Sony a6400 Review – Is the End of Manual Focus Lenses Near?

January 31st, 2019

With the introduction of the Sony a6400, I had a chance to take the new camera for a short spin and after playing with it for a bit, I made up my mind. Sony’s latest offering is very different and interesting, BUT, is it worth the upgrade from its a6300 and a6500 siblings? (Same sensor but enhanced image processing engine). Is it really a Vlogger’s camera? What is its strongest selling point and last but not least, what is the real reason for Sony to introduce this camera in my personal opinion? Interested? Keep reading.

Sony a6400 – The autofocus is a killer!

It is the middle of January. My short (and yet to be disclosed) assignment in Japan is almost over but before going back home, I’m lucky enough to put my hands on the new Sony a6400 to take it for a short spin. At first, my plan was to shoot a short documentary with it and by doing so, explore its video capabilities, but after noticing that most features and even technical specifications are very similar to the Sony a6300 and a6500 (which I reviewed and tested before), I decided to scrap my original plan and concentrate on testing a single feature, the one that captured my attention most.

Sony a6400 – An Overall Look

Before talking about that feature, let me conclude and say that for the price ($898), the Sony a6400 is a fine camera. It accommodates an APS-C sensor, plus, has all the “normal” goodies we have been given by Sony for the last years now. Namely, S-Log 2, S-Log 3, high frame rate recording, different exposure measuring tools, REC-709 view assist function, proxy recording (unfortunately without matching file names) and even LCD and EVF guides (2.35:1, 1.85:1 and such). On top of that, Sony added HDR and time-lapse recording functions plus a 180-degree tiltable LCD monitor. On the less favorable side, the rolling shutter is horrendous, there is no IBIS (In-Body Image Stabilization) system, no headphone jack and the camera menu, well, what can I say, it is slowly but surely becoming one of the least pleasant camera features to deal with. So many possibilities and functions, yet so little sense (at least in my opinion), to why it is all there. If I’m in the video mode, all I want to see is the related functions – ONLY! Nothing more and nothing less.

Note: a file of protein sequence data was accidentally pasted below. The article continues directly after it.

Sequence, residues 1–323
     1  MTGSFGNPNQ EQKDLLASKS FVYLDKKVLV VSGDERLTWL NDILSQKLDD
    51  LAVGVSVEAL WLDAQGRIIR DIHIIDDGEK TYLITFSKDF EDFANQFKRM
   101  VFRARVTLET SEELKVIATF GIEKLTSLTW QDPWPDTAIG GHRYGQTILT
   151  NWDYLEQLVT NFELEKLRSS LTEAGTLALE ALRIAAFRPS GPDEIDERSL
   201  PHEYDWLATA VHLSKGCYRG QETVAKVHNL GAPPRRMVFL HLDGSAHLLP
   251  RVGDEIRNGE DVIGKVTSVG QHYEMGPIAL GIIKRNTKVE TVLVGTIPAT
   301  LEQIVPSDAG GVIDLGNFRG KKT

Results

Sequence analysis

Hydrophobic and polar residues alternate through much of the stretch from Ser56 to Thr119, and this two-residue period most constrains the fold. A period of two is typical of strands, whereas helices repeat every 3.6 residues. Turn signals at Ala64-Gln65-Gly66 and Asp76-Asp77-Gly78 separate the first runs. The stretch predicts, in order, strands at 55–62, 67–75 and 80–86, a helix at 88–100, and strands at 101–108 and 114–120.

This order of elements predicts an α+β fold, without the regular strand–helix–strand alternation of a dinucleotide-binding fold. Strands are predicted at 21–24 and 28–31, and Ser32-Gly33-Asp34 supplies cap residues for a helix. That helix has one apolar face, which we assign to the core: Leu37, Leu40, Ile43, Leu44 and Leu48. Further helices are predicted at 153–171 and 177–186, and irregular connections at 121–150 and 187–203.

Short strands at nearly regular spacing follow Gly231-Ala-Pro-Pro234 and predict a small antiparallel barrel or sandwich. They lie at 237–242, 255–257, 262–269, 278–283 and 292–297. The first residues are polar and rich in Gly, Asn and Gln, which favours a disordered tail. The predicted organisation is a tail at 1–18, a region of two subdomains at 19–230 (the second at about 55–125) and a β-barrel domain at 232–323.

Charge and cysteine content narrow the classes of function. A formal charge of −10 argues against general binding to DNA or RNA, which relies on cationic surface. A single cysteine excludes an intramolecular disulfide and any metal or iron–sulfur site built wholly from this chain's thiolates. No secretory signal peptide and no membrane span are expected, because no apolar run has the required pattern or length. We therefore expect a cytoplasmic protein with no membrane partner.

Sony a6400 – Try and see yourself in the tilted LCD screen now

Is it the Right Tool for Vlogging?

Now, somehow I got the feeling that Sony is kind of emphasising the advantages of this camera as a vlogging tool. In my opinion, it might be useful to promote this camera as a family companion or all the way up as an additional “throw in bag” filming device for professionals (to act as a secondary camera in addition to a more capable one). I think that the idea to push the a6400 as a vloggers device might prove to be wrong. Surely it can be operated as one but so many things might go wrong, especially when filming on the move. The absence of IBIS and the very noticeable rolling shutter effect might kill your shot. The exclusion of a headphone jack will make it hard to monitor audio levels, yet if you insist vlogging with it, don’t add a microphone on the available hot shoe mount and tilt your LCD monitor at the same time as the microphone will block the LCD view completely (the screen can only be folded upwards!)